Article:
TC Verbum No 9 July 2007

By Rob Haskell

Christian Origins and New School Historical Scepticism

Last March the world was subjected to yet another incredible revelation that challenged the foundations of Christianity. In a documentary aired by the Discovery channel, Canadian filmmaker Simcha Jacobovici presented his “discovery” of the family tomb of Jesus, in which he claimed not only to have found the Lord’s ossuary, but also that of his father, mother, brother, son, wife (you guessed it: Mary Magdalene) and disciple.

The theory was a little too incredible and was quickly dismissed by archeologists (Jonathan Reed called it “archeoporn”) and minimized by the Discovery channel. But although it really was a ludicrous presentation, it would be a mistake to just roll our eyes and laugh it off, for it is just the tip of a very large iceberg. Let us not make a Titanic mistake.

Dan Brown’s The Da Vinci Code unleashed a new kind of historical skepticism on the world that popularized a whole range of criticisms of the orthodox story of Christian origins. Some were quack theories from books like Michael Baigent et al.’s Holy Blood, Holy Grail, but others drew on the work of real scholars such as Elaine Pagels. The net effect of Brown’s thriller was to fertilize the ground for the growth of a new scholarly cottage industry that specializes in reinterpreting Christian origins in the most radical way possible. Darrel Bock calls this the “new school” and according to Craig Evans it makes old school skeptics Robert Funk and James Robinson look overly optimistic. Scholarly adherents like Marvin Meyer (The Gnostic Discoveries), Robert Price (Incredible Shrinking Son of Man) and Bart Ehrman (Misquoting Jesus) are busy putting out a healthy stream of publications, some of which make it to the best seller list.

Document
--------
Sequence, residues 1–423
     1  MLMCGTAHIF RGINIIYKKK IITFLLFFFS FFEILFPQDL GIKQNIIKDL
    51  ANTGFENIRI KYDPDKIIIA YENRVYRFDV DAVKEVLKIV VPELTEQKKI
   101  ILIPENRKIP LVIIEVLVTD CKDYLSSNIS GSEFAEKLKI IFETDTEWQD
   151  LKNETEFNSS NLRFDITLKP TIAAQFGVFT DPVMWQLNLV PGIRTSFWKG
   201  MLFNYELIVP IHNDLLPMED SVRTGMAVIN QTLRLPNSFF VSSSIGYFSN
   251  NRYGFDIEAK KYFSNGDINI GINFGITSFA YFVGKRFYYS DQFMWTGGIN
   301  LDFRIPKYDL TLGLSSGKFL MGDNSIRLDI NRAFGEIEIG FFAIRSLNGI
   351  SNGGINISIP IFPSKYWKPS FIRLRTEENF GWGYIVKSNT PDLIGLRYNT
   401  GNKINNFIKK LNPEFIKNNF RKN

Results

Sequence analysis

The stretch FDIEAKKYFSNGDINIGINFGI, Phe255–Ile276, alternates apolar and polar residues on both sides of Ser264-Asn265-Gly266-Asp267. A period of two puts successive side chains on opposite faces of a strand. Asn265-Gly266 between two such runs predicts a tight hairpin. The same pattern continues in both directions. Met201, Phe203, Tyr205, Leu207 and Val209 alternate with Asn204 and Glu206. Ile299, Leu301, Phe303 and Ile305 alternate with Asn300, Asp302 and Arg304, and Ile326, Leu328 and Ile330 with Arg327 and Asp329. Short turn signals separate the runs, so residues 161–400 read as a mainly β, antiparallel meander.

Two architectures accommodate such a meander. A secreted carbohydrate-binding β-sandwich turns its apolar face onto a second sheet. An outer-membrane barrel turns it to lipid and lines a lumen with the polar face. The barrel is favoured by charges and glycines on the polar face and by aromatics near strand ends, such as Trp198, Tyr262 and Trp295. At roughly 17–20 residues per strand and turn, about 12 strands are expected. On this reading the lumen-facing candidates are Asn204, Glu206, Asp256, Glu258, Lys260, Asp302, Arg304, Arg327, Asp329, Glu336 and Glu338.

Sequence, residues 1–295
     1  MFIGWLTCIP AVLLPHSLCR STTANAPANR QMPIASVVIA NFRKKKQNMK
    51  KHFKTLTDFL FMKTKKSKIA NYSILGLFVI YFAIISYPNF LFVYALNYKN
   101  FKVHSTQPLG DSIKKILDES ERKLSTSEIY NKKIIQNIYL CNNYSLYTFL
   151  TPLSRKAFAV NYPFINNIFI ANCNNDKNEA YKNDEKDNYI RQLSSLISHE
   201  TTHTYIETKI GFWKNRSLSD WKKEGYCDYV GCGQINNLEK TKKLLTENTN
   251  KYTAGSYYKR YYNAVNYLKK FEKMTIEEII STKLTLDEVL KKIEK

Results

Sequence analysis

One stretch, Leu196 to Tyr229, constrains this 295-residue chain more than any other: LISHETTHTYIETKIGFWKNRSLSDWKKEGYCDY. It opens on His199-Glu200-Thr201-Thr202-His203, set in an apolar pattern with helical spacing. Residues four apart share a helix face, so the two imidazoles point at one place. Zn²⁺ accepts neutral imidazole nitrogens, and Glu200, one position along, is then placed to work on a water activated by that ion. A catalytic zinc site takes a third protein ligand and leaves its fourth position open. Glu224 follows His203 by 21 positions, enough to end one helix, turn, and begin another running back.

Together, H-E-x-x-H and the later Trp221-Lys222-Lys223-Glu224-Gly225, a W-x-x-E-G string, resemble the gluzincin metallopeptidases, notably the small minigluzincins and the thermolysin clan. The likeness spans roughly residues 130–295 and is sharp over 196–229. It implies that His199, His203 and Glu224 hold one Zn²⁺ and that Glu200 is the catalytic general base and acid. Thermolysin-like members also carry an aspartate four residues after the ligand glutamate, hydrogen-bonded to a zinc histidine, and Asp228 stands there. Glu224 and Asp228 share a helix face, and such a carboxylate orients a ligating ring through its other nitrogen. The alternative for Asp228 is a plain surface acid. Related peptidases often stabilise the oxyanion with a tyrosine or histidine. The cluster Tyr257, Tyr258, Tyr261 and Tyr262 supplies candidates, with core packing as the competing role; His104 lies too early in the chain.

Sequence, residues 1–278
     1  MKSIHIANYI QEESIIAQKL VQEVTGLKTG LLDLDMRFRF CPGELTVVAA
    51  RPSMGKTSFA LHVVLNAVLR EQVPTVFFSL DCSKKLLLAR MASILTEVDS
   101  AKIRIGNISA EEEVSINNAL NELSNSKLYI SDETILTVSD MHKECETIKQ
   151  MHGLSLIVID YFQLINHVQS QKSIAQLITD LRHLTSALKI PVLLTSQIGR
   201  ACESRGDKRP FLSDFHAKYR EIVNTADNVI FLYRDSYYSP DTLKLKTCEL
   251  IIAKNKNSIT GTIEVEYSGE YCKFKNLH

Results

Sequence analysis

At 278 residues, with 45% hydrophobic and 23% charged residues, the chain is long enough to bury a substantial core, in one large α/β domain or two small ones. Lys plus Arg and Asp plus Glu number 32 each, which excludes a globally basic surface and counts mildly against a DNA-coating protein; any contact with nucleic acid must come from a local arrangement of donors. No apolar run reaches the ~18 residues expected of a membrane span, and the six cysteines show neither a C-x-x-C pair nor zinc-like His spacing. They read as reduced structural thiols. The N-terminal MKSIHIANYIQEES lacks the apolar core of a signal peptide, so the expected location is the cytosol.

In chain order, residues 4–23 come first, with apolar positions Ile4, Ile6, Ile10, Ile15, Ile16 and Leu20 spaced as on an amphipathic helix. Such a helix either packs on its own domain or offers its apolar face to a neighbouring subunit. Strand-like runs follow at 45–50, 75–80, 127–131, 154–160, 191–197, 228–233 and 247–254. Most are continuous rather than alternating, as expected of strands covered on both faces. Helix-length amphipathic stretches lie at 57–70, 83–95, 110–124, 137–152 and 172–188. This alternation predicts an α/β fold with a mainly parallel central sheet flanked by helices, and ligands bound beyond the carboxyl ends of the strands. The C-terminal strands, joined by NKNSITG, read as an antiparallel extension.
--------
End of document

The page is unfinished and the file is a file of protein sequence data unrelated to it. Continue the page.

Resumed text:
According to Bock the tenets of this school are that (1) Christian history needs rewriting because of the discovery of new texts, especially the Nag Hammadi Gnostic writings. (2) Early Christianity was a range of expressions, all of which had equal claims to orthodoxy. This then becomes an implied polemic for religious diversity contra contemporary orthodox inflexibility. (3) History is written by the winners, and the winners were the orthodox only because they were the first to rise to political power under Constantine. (4) Numerous alternative texts were suppressed by orthodoxy.

In The Missing Gospels: Unearthing the Truth behind Alternative Christianities, Bock makes the case that orthodoxy triumphed because it was consistent with the message of Jesus and the first Christians. In fact, the alternatives to orthodoxy in the second century were so different from the Jesus tradition of early Christianity that they never had a chance of becoming major influences in Christian communities – politics or no.

Other conservative scholars have also been making waves in these waters. Evans uses his considerable expertise in the area of the historical context of the New Testament to defend the reliability of the gospels in Fabricating Jesus: How Modern Scholars Distort the Gospels. But he also spends time pondering the personal sources of radical skepticism. Richard Baukham’s Jesus and the Eyewitnesses is more directed to the New Testament academy than to the refuting the “new school,” but his argument is nevertheless a key piece that cuts to the core of the issues: that the gospels themselves bear the marks of eyewitness testimony and that the insertion of an anonymous transmission history is unwarranted. Ben Witherington takes a similar approach in his more popular level What Have They Done with Jesus? where he does a historical survey of the people who were closest to Jesus in the biblical accounts.

These four books were all published last year, so it is encouraging to see that the orthodox view is active, passionate and of substance. If current trends continue it seems possible that in the 21st century, history will take the place of philosophy and science as the primary front on which the battles and skirmishes of apologetics are fought. In any case, it is a happy irony to discover through these criticisms of Christian origins that many people do still think the past matters. That can’t be all bad.

Further Reading:

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